(32)$$\begin{eqnarray}\displaystyle 4\frac{{\it\tau}_{L}^{\text{opt}}}{{\it\tau}_{0,R}} & = & \displaystyle \frac{s_{m}^{\text{opt}}(1+(1-s_{m}^{\text{opt}})^{2})}{(1-s_{m}^{\text{opt}})^{2}\sqrt{1-(1+{\it\varepsilon}_{i,\infty }^{\text{opt}}s_{m}^{\text{opt}})^{-2}}}\nonumber\\ \displaystyle & & \displaystyle +\,\int _{0}^{s_{m}^{\text{opt}}}\frac{1+(1-s)^{2}}{(1-s)^{2}}\nonumber\\ \displaystyle & & \displaystyle \times \,\frac{{\it\varepsilon}_{i,\infty }^{\text{opt}}s}{(1+{\it\varepsilon}_{i,\infty }^{\text{opt}}s)^{3}(1-(1+{\it\varepsilon}_{i,\infty }^{\text{opt}}s)^{-2})^{3/2}}\text{d}s\nonumber\\ \displaystyle & = & \displaystyle 4\int _{0}^{s_{m}^{\text{opt}}}\frac{1+(1-s)^{2}}{2(1-s)^{2}(1-(1+{\it\varepsilon}_{i,\infty }^{\text{opt}}s)^{-2})^{1/2}}\text{d}s,\qquad\end{eqnarray}$$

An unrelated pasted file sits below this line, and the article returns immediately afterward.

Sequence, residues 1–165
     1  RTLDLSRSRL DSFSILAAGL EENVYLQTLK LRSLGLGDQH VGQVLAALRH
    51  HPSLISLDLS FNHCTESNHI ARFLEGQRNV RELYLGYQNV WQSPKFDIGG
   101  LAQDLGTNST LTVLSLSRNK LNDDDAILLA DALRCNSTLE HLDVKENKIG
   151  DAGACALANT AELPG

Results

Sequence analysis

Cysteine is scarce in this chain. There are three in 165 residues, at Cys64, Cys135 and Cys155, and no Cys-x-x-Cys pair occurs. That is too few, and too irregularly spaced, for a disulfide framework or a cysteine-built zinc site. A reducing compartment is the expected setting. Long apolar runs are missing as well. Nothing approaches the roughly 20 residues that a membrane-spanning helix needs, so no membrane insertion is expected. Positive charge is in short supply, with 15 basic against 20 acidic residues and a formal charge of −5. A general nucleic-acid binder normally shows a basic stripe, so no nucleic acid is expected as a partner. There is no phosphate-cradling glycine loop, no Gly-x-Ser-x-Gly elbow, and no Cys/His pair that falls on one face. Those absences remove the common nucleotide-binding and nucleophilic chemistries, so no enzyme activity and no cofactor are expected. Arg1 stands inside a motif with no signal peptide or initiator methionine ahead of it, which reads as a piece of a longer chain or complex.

where $s_{m}^{\text{opt}}={\it\varepsilon}_{i,m}^{\text{opt}}/{\it\varepsilon}_{i,\infty }^{\text{opt}}$ and ${\it\varepsilon}_{i,\infty }^{\text{opt}}=1.1\times 10^{-3}(q_{i}/A_{i})$ $\sqrt{{\it\eta}E_{L}/({\it\tau}_{L}^{\text{opt}}P_{Re})}$. A numerical solution yields $s_{m}^{\text{opt}}$ with ${\it\varepsilon}_{i,\infty }^{\text{opt}}$ as a parameter. By inserting these solutions into Equation (29) one obtains the required ${\it\tau}_{L}^{\text{opt}}/{\it\tau}_{0,R}$ (solid line in Figure 1(b)) and ${\it\varepsilon}_{i,m}^{\text{opt}}$.

In the highly relativistic regime, the ion velocity approaches the speed of light for approximately all the acceleration time, which according to Equation (6) leads to